Russia’s Ministry of Foreign Affairs has praised Ghanaian authorities for efforts at conducting successful presidential and parliamentary elections, and the electorate for showing peace and maturity at the polls held on 7 December 2016.
In an official statement posted to the website, the ministry noted that “observers from the African Union and the Economic Community of West African States have recognized the election results as credible, as no serious violations that could have affected the expression of the people’s will were reported.”
And it concluded that “Moscow considers the national election in Ghana an important step by Ghana’s society on the path toward stable social and political development.”
The Electoral Commission has since declared Nana Akufo-Addo as elected president whose New Patriotic Party (NPP) earned about 54 per cent of votes while the National Democratic Congress (NDC) got 44 percent. The New Patriotic Party (NPP) is a liberal democratic party and is one of the dominant parties in the national politics of the Republic of Ghana.
In the 7 December 2008 presidential elections, Nana Akufo-Addo received more votes than John Atta-Mills amassing 4,159,439 votes representing 49.13% of the total votes cast, placing him first, but not enough for the 50% needed for an outright victory.
It was the best-ever performance for a first-time presidential candidate since the beginning of Ghana’s 4th republic in 1992. In the run-off elections however, Mills ultimately received 4,521,032 votes, representing 50.23%, thus beating Nana Akufo-Addo.
Russian authorities have known the NPP for about a decade and have interacted with the leading party officials previously. John Kufuor, a leading NPP member and then President of the Republic of Ghana met with President Vladimir Putin at the 33rd Group of Eight (G8) summit held 6-8 June, 2007 at Kempinski Grand Hotel in Moscow.
That was followed by an official working visit by the then Minister for Foreign Affairs of the Republic of Ghana, Nana Akufo-Addo, on 12 July 2007 on the invitation by Russian Foreign Affairs Minister Sergey Lavrov.
During the diplomatic discussion both ministers reached an understanding to raise trade and economic cooperation between the two countries. They further agreed on developing direct business contacts between Russia and Ghana.
Towards realizing this goal, Nana Akufo-Addo and Lavrov agreed to facilitate holding direct contacts between the Chambers of Commerce and Industry of both countries. Nana Akufo-Addo said that the Ghanaian side was preparing proposals concerning new projects which may become the object of joint development by companies in Ghana.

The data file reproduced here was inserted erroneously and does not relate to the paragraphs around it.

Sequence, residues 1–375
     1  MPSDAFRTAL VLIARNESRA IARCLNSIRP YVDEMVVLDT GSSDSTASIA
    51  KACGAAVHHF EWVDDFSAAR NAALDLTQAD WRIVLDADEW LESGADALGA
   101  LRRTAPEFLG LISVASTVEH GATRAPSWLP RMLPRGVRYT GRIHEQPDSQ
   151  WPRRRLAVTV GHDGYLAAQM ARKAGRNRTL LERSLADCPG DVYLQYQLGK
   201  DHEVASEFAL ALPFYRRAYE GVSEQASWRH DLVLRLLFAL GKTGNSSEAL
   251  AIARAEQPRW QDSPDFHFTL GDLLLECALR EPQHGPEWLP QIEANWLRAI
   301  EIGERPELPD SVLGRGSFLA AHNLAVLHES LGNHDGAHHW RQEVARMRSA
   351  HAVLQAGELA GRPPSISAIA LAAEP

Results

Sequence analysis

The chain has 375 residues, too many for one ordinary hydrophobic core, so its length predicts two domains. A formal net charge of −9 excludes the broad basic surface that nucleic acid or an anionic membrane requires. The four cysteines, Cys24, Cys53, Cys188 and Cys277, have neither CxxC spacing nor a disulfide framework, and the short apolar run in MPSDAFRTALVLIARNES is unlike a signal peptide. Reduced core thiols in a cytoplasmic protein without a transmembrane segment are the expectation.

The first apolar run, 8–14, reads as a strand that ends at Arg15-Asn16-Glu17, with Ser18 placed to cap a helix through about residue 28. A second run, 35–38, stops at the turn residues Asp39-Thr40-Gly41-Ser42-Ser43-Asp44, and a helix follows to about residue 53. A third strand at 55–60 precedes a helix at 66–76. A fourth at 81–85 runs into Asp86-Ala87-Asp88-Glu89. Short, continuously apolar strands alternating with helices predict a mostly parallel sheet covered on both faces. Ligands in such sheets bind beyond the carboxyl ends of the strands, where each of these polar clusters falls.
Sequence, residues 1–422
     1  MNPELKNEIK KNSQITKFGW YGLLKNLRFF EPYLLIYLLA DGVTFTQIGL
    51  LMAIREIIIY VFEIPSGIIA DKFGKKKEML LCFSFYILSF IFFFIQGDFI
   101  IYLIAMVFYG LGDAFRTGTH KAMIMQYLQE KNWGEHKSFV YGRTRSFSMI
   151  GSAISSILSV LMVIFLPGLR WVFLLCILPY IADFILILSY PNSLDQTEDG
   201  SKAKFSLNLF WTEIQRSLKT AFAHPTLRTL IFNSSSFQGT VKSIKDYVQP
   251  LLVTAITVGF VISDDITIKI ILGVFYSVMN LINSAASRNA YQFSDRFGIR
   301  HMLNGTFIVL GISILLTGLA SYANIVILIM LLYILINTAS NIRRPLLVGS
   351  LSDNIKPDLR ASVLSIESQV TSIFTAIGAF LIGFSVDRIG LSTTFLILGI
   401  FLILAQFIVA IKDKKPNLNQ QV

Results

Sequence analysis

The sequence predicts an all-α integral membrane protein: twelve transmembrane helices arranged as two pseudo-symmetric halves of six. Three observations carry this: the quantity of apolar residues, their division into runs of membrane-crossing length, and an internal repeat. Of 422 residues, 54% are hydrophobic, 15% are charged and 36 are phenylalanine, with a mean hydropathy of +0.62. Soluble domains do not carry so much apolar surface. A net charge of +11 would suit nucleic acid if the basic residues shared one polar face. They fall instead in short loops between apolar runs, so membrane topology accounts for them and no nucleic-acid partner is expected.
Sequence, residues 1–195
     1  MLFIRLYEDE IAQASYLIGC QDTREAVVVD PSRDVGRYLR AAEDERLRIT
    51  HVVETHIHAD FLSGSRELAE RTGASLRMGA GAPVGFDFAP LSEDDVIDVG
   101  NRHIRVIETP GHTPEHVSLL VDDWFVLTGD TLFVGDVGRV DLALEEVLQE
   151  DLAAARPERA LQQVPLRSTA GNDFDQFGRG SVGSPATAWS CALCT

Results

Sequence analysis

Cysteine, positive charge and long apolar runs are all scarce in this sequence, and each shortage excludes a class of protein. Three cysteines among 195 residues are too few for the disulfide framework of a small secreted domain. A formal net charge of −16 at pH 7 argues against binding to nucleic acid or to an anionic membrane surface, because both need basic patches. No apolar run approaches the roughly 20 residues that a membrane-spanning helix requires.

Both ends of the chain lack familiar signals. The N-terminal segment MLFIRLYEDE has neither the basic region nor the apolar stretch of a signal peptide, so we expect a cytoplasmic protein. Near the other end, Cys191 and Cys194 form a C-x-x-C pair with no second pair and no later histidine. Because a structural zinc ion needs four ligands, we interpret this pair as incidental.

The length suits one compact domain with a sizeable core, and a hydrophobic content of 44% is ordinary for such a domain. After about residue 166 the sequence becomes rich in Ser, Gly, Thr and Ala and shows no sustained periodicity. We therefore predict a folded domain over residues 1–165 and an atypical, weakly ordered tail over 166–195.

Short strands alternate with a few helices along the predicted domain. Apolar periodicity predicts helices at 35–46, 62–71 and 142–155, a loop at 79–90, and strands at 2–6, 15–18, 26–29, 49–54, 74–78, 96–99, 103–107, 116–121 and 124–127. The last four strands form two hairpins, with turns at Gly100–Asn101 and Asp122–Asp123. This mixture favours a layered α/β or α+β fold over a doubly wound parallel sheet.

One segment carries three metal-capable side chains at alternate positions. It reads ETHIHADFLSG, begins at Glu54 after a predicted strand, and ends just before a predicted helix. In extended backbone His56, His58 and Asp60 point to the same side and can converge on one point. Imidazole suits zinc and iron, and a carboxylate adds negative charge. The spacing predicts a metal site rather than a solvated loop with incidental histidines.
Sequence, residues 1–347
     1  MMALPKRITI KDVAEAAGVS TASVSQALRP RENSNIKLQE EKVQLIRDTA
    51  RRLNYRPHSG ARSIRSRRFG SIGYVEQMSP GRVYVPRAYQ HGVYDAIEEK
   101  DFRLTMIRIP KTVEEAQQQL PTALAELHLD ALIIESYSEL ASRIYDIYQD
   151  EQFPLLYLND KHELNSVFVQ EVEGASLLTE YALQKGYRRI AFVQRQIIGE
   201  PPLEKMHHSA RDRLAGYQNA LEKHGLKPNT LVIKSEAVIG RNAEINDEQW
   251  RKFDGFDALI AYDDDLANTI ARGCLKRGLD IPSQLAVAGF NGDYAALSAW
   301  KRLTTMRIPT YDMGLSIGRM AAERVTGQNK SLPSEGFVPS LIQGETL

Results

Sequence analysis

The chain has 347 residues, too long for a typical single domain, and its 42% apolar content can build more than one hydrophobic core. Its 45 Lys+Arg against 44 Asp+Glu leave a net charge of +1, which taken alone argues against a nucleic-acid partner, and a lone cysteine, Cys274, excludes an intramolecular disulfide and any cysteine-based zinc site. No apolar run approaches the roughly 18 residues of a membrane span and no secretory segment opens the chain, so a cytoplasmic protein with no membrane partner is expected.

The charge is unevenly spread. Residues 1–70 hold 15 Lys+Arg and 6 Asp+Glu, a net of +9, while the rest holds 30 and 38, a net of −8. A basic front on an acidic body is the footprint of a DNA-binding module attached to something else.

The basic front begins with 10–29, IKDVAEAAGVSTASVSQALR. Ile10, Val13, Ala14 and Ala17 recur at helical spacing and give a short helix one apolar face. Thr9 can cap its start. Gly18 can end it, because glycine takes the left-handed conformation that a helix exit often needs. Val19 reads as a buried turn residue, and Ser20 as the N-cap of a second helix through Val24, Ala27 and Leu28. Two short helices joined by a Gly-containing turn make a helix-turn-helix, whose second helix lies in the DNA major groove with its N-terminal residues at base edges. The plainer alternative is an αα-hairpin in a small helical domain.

Russia is ready, using the existing potentials, to boost ties in various economic spheres with Ghana. And also some senior officials from the United Russia party, Federation Council (Senate) and State Duma (Lower Chamber of Parliamentarians) told me in separate interviews that they were ready to establish political and inter-parliamentary relations with the new government and the New Patriotic Party (NPP).
This is a chance to explore opportunities and ways to strengthen the party and consolidate the economic gains. In his campaign speech, Nana Akufo-Addo reiterated a plan to build industrial infrastructure under the plan “one district one factory” throughout the country. It has attracted a keen interest in the Eurasian region.
It can be assumed that Nana Akufo-Addo, with broad experience as former Foreign Affairs Minister and a staunch top politician of the NPP, will build a pragmatic relationship with Russian government, public institutions and the business organizations that could help transform the economy of Ghana.
Russia and Ghana have accumulated a valuable experience of mutual respect and trust for nearly 60 years of cooperation in their diplomatic relations. The relations have been described as very friendly and close.
The relations here refers to the bilateral relationship between the two countries, Ghana and Russia. Russia has an Embassy in Accra and Ghana has an Embassy in Moscow. Russia and Ghana will celebrate 60 years of the establishment of diplomatic relations in 2017.
By Kester Kenn Klomegah
Kester Kenn Klomegah is an independent researcher and writer on African affairs in the EurAsian region and former Soviet republics. He wrote previously for African Press Agency, African Executive and Inter Press Service. Earlier, he had worked for The Moscow Times, a reputable English newspaper. Klomegah taught part-time at the Moscow Institute of Modern Journalism. He studied international journalism and mass communication, and later spent a year at the Moscow State Institute of International Relations. He co-authored a book “AIDS/HIV and Men: Taking Risk or Taking Responsibility” published by the London-based Panos Institute. In 2004 and again in 2009, he won the Golden Word Prize for a series of analytical articles on Russia’s economic cooperation with African countries.
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